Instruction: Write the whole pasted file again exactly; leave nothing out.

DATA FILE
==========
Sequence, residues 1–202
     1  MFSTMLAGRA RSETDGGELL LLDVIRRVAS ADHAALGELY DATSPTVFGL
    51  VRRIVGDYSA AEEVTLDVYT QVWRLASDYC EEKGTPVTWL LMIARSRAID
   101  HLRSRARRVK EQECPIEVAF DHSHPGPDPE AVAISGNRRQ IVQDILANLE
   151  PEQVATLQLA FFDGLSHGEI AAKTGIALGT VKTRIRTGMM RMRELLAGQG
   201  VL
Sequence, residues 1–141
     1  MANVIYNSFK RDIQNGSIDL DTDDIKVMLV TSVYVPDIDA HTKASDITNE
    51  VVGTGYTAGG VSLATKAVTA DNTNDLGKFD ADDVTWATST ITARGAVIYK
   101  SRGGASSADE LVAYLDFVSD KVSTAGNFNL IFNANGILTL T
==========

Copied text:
Sequence, residues 1–202
     1  MFSTMLAGRA RSETDGGELL LLDVIRRVAS ADHAALGELY DATSPTVFGL
    51  VRRIVGDYSA AEEVTLDVYT QVWRLASDYC EEKGTPVTWL LMIARSRAID
   101  HLRSRARRVK EQECPIEVAF DHSHPGPDPE AVAISGNRRQ IVQDILANLE
   151  PEQVATLQLA FFDGLSHGEI AAKTGIALGT VKTRIRTGMM RMRELLAGQG
   201  VL
Sequence, residues 1–141
     1  MANVIYNSFK RDIQNGSIDL DTDDIKVMLV TSVYVPDIDA HTKASDITNE
    51  VVGTGYTAGG VSLATKAVTA DNTNDLGKFD ADDVTWATST ITARGAVIYK
   101  SRGGASSADE LVAYLDFVSD KVSTAGNFNL IFNANGILTL T